How a Hardy Boys Mystery Changed My Life
By Ronnie Blair
Authority Magazine recently interviewed me about the book that changed my life and other topics. Below is an excerpt from that interview in which I discuss that book and the impact it had on me. Read the full interview here.
For many people, the book that changed their life could be a literary classic like Moby-Dick or a bestselling self-help book like The 7 Habits of Highly Effective People. Mine is a little different; OK, quite a bit different. It is The Secret of the Caves, part of the Hardy Boys series by Franklin W. Dixon.
An aunt gave me that book for Christmas when I was about 7, and although it took a while for me to finally read it, when I did, I was captivated and couldn’t wait to read every Hardy Boys book listed on the back cover.
I imagined Franklin W. Dixon as a literary genius, but it turned out he didn’t even exist. That was a pen name for a stable of ghostwriters for the Stratemeyer Syndicate, which churned out all kinds of series books for children. And in truth, they weren’t particularly great books. But The Secret of the Caves, even if it was poor literature, and author Franklin W. Dixon, even though he wasn’t a real person, launched my interest in writing.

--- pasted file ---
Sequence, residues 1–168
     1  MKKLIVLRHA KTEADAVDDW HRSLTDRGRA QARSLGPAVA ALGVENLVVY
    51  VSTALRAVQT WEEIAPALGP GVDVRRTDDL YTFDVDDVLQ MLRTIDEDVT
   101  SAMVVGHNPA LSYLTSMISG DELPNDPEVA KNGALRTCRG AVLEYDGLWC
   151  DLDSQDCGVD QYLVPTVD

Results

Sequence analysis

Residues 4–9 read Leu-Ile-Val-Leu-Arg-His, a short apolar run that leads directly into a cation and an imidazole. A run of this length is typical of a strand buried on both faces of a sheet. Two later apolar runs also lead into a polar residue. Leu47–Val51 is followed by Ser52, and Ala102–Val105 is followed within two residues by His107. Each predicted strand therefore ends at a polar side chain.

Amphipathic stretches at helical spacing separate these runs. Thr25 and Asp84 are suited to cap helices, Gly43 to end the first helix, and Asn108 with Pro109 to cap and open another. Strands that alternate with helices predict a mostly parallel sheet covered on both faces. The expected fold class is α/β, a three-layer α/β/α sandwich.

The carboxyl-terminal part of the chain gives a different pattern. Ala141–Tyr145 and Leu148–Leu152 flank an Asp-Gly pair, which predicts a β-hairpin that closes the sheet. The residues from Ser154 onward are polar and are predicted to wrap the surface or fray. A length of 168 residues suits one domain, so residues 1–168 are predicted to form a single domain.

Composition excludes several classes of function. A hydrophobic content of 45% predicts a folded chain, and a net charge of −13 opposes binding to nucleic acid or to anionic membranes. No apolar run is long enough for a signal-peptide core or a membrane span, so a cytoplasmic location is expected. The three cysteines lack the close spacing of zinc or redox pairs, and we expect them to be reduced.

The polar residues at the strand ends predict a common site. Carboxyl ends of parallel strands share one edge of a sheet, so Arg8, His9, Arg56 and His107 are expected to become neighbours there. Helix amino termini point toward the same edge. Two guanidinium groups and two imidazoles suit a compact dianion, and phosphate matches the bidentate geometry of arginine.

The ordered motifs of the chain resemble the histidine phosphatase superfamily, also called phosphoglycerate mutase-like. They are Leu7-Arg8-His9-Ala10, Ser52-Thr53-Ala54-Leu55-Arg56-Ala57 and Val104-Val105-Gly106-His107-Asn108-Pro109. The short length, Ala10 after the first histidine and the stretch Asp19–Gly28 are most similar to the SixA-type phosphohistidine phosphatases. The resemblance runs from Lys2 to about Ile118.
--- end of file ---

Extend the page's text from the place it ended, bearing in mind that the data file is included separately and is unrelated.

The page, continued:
As a child I tried to duplicate what I read in the Hardy Boys. Over time, my writing interest led to my career in journalism and later in public relations, all because of a rather pedestrian but somehow inspiring book like The Secret of the Caves.
When I was in sixth-grade, my interest in writing went into overdrive. Instead of just writing stories in a notebook, I began to create my own “books.”
I put the word “book” in quotation marks for a reason. Here’s how I did it: I would take several sheets of paper and fold them. Then I would staple the fold (much the way comic books are stapled) and voila! I had a small book with blank pages. Within those pages, using a handy No. 2 pencil, I crafted stories that were modeled after The Secret of the Caves and the other Stratemeyer Syndicate series books that I read, such as Tom Swift Jr. and Nancy Drew.
I even copied the syndicate’s gimmick of mentioning previous books in the series early in the tale, and promoting the next title in the series at the end. For the syndicate this was clearly a marketing ploy, but to me it was just part of the story, so in it went. My books had titles such as The Mystery of the Whistling Coffin and Scott Jacobs and the Ghost of Long Ridge Mountain. They were heavy on dialogue, occasionally punctuated with action, such as: “Neil grabbed a crowbar and handed it to Dan. Dan soon had the coffin opened. The boys looked in but there was no one inside.”
As the school year wore on and I yearned to write more and more, a friend and I approached our teacher about creating a weekly newspaper using the school’s ditto machine down the hall. She agreed and throughout the rest of the year the two of us, with help from a few other students, produced a newspaper we called The Weekly Star, which we sold for five cents to other sixth-graders.
My journalism career was launched right there in my sixth-grade classroom.
Ronnie Blair is author of the memoir Eisenhower Babies: Growing Up On Moonshots, Comic Books, and Black-and-White TV.